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Hidetaka Furukawa Artist in Hotel
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The 23rd Artist Room on the theme of "Haiku" was started on May 14, 2016 by Rieko Fujinami, an artist who lives in the United States, continued the work for about 2 month while staying at the hotel, and completed it on July 11, 2016.

Haiku, a short poetry form using words that whisper, capturing the moment and crystallize eternity within a short passage, have traveled far beyond its origins in Japan. “I hope that in this space the haikus that guests have in their hearts will spring to mind as naturally as breathing, regardless of language or cultural differences”, says Fujinami. She created a world of haiku where, rather than thoughts or emotions, expressing an instantaneous observation of the subtleties of nature, using seventeen syllables in Japanese, divided into three lines of five, seven, and five.

As the first for an Artist Room, it is decorated with moving images and sound effects. Projected on the wall are carps swimming in a pond, and against a beautiful, magical and ambient sound, the colors of the image change, creating a flowing effect. The bed is surrounded by drawings of lotus, and when you lie on your back and look up, you will see a jet-black Milky Way on the ceiling. Beside the window is the silver moon and a line from Basho's haiku, “tsuki zo shirube / konata e irase / tabi no yado”. Explore a poet's feeling and delight creating a line or two of haikus, in the middle of nature at the Artist Room Haiku, located on the 31st floor of a high-rise building.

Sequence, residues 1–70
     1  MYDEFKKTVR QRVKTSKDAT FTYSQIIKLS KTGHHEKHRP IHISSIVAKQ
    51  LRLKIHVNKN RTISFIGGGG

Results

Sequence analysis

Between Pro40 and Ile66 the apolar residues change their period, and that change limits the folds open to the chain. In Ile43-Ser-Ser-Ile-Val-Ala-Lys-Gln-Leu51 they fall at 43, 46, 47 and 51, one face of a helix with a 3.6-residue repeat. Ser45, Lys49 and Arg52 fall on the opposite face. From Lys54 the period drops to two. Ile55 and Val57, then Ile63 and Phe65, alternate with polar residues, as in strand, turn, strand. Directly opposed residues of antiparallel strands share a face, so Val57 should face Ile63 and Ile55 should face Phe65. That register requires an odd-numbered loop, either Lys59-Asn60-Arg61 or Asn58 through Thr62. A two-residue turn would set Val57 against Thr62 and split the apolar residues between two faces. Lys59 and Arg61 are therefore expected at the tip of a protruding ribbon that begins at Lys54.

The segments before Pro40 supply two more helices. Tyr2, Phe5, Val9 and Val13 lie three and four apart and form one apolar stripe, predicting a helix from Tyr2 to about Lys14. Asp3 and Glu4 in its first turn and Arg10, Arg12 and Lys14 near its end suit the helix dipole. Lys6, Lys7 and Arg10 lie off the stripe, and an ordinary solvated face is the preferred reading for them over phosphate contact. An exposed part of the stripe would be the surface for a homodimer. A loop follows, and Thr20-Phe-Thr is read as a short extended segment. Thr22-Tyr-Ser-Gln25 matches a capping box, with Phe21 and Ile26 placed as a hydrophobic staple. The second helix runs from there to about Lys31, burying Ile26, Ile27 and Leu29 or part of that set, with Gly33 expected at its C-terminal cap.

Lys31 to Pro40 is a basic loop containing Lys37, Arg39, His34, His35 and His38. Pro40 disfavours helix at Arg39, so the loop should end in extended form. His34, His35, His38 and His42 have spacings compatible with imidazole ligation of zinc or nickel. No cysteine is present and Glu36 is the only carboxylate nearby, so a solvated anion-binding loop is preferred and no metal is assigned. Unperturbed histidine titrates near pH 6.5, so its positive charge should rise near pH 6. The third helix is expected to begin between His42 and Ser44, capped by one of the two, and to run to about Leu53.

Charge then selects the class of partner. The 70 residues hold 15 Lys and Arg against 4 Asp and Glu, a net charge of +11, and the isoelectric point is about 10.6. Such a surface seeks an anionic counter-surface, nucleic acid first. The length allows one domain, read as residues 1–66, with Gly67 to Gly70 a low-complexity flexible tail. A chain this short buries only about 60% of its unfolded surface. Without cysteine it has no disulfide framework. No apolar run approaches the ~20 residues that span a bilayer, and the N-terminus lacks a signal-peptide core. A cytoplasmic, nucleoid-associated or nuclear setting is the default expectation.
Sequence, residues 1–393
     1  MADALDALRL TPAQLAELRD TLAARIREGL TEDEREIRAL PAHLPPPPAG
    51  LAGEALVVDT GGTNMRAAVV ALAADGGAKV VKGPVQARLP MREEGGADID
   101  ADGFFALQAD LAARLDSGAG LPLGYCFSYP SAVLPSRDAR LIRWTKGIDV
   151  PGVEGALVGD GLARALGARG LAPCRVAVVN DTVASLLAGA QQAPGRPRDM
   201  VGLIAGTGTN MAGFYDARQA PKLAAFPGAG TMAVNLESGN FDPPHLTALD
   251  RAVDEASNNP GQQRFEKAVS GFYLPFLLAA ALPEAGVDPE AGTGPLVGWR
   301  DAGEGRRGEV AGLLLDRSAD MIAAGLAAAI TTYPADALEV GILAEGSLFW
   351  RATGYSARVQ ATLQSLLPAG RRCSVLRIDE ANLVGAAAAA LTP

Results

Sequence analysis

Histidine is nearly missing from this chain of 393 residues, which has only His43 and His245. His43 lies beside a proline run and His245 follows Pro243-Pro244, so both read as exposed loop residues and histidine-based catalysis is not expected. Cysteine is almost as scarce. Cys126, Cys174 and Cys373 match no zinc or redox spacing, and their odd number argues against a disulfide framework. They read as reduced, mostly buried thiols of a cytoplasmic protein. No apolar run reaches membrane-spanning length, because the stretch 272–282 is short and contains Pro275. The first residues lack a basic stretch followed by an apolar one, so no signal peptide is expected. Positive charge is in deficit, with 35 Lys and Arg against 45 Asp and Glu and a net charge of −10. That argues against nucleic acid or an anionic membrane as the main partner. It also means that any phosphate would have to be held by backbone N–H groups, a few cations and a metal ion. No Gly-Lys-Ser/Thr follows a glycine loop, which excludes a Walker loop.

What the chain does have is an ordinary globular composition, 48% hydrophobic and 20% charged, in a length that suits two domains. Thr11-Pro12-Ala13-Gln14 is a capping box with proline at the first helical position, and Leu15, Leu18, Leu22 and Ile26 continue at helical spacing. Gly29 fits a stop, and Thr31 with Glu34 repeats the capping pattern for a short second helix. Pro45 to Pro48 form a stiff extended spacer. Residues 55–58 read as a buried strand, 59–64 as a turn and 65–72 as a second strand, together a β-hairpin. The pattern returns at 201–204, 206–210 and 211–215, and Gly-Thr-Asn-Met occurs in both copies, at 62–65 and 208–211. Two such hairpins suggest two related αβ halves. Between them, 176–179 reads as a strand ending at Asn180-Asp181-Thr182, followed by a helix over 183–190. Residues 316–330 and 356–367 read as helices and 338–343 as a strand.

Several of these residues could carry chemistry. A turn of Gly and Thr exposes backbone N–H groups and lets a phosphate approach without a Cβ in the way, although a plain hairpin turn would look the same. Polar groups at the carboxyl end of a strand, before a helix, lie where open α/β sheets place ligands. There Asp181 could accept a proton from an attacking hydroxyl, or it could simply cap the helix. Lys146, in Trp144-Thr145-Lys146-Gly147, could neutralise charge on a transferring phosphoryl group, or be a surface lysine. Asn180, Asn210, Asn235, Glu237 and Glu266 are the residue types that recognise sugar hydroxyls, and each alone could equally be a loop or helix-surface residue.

Enjoy the world of Haiku observing the transient movements of light and shadow in the Artist Room Haiku.

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Artist in Hotel 汐留
Rieko Fujinami
Artist in Hotel 汐留

Haiku is short poem of seventeen syllables in Japanese, divided into three lines of five, seven, and five syllables, with a rule that they should contain a word, called a kigo, symbolizing the season. Rather than expressing the poet’s own thoughts or emotions, haiku expresses an instantaneous observation of the subtleties of nature, using one or more of the senses. Capturing the moment, they crystallize eternity within a short passage. The spontaneity and simplicity of this short poetry form, using words that whisper, not shout, have enabled it travel far beyond its origins in Japan. Haiku is especially beloved in English-speaking countries, and many English language haikus are written today.

In this room, I have created the shadows of fish dancing in a lotus pond, and a jet-black Milky Way, together with the moon, and a haiku by Basho, tsuki zo shirube / konata e irase / tabi no yado, which roughly translates into English as the moon a sign / this way sir, to enter / a traveler’s inn.

I hope that in this space the haikus that guests have in their hearts will spring to mind as naturally as breathing, regardless of language or cultural differences.

Rieko Fujinami